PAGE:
A Change for the Better

Introducing CH4nge.com


Today, June 5, 2017, concludes the public comment period for GP-5 and GP-5A, updating the Pennsylvania Department of Environmental Protection’s air quality permitting rules for unconventional natural gas operations. It’s another milestone on Pennsylvania’s path to cleaner air, less waste, and new economic opportunities in sustainable energy.

These new rules are aimed at capturing methane (CH4), the primary component of natural gas and a major contributor to climate change. Finding and fixing leaks at well sites and along the supply chain will substantially reduce Pennsylvania’s greenhouse gas emissions at a relatively low cost. But the environmental benefit, while considerable, is only part of the reason why PEC supports the development of reasonable and effective methane rules in our state.

Looking to other states that have adopted similar rules — including Colorado, Wyoming, and Ohio — we see that they deliver a whole range of economic and other benefits. Less waste, lower utility bills, improved public health and safety, new jobs in the burgeoning methane mitigation sector… the list goes on. Best of all, because oil and gas companies have often been close partners in the creation of successful state-level methane controls, we know that these outcomes can be achieved in a way that works for and with industry, not against it. Indeed, many operators already choose to invest in robust leak detection and repair practices voluntarily because it improves efficiency, saving them money in the long run.

methane-states-map-croppedThere are a multitude of reasons why curbing methane emissions just makes sense for Pennsylvania — too many, in fact, for a single website to contain. That’s why PEC has created CH4nge.com: an online resource for government and business leaders, citizens, and others to learn more about why methane matters, and why addressing it is a win-win for all of us.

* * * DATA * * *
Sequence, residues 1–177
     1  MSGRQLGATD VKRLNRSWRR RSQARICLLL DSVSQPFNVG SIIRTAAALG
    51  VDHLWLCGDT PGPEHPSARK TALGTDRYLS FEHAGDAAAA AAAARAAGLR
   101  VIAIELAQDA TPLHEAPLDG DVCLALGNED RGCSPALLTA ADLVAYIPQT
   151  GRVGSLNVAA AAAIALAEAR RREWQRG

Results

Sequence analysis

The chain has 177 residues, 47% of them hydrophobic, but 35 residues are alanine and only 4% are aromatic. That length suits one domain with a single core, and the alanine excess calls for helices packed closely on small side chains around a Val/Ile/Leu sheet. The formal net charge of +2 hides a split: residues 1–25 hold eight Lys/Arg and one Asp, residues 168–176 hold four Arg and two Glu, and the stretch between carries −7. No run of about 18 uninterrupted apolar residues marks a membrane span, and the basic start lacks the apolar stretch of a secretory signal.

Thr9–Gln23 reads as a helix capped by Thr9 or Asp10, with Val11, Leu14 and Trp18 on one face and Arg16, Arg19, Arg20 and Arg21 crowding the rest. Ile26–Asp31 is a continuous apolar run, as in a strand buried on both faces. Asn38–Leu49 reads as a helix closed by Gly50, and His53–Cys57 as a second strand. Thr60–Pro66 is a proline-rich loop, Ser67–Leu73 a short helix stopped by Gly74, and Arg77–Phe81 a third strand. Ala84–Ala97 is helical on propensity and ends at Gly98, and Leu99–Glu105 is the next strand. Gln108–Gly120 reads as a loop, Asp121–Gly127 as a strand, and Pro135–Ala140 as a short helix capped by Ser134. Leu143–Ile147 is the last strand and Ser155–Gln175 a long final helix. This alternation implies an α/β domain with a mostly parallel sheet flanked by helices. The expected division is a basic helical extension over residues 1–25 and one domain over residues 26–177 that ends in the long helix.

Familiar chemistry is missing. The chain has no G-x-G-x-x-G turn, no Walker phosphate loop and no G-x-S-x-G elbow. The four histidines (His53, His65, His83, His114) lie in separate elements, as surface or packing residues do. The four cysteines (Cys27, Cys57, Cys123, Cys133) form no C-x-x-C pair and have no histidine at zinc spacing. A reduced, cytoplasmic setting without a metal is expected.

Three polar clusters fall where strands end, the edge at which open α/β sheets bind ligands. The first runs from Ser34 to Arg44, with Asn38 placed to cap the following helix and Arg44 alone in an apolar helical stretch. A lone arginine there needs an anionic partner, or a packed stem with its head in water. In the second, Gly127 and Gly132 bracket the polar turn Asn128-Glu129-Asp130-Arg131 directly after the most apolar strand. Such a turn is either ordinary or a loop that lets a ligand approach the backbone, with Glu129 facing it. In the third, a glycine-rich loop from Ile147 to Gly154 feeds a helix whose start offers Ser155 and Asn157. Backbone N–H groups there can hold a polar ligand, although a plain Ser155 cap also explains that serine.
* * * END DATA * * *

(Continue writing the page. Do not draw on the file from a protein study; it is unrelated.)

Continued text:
CH4nge.com serves as a repository for research and data detailing the economic costs associated with natural gas leaks, as well as opportunities to grow our economy by finding and fixing them; video and audio interviews with experts, entrepreneurs, and policymakers making the case for commonsense solutions; and analysis of Pennsylvania’s ongoing efforts to tackle emissions. This content will be updated and expanded over the weeks and months ahead as the process unfolds, and we will feature many of these stories on the PEC website as well. We hope you’ll help us spread the word by sharing them far and wide among your own friends and colleagues.

As an organization, PEC is all about convening disparate stakeholders to produce meaningful results through cooperation and collaboration. We look for the low-hanging fruit, and we relish the “win-win” scenario. Taking on methane is a rare opportunity for Pennsylvania to accomplish all of the above.